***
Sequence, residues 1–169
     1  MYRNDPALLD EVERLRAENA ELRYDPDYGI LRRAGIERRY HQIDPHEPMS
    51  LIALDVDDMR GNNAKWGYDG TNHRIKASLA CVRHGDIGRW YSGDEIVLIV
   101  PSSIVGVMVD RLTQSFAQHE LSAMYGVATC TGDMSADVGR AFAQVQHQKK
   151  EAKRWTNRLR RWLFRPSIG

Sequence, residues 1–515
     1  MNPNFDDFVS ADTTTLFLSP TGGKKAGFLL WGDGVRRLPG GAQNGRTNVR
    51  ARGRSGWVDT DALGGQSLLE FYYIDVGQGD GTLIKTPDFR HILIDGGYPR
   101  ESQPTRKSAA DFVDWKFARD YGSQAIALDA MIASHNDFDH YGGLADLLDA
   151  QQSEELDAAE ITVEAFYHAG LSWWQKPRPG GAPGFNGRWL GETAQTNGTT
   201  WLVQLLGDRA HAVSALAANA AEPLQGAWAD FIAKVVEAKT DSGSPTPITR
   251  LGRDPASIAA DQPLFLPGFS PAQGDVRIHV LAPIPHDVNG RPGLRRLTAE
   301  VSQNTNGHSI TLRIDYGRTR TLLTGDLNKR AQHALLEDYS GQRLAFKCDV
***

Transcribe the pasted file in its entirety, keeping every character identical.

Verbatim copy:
Sequence, residues 1–169
     1  MYRNDPALLD EVERLRAENA ELRYDPDYGI LRRAGIERRY HQIDPHEPMS
    51  LIALDVDDMR GNNAKWGYDG TNHRIKASLA CVRHGDIGRW YSGDEIVLIV
   101  PSSIVGVMVD RLTQSFAQHE LSAMYGVATC TGDMSADVGR AFAQVQHQKK
   151  EAKRWTNRLR RWLFRPSIG

Sequence, residues 1–515
     1  MNPNFDDFVS ADTTTLFLSP TGGKKAGFLL WGDGVRRLPG GAQNGRTNVR
    51  ARGRSGWVDT DALGGQSLLE FYYIDVGQGD GTLIKTPDFR HILIDGGYPR
   101  ESQPTRKSAA DFVDWKFARD YGSQAIALDA MIASHNDFDH YGGLADLLDA
   151  QQSEELDAAE ITVEAFYHAG LSWWQKPRPG GAPGFNGRWL GETAQTNGTT
   201  WLVQLLGDRA HAVSALAANA AEPLQGAWAD FIAKVVEAKT DSGSPTPITR
   251  LGRDPASIAA DQPLFLPGFS PAQGDVRIHV LAPIPHDVNG RPGLRRLTAE
   301  VSQNTNGHSI TLRIDYGRTR TLLTGDLNKR AQHALLEDYS GQRLAFKCDV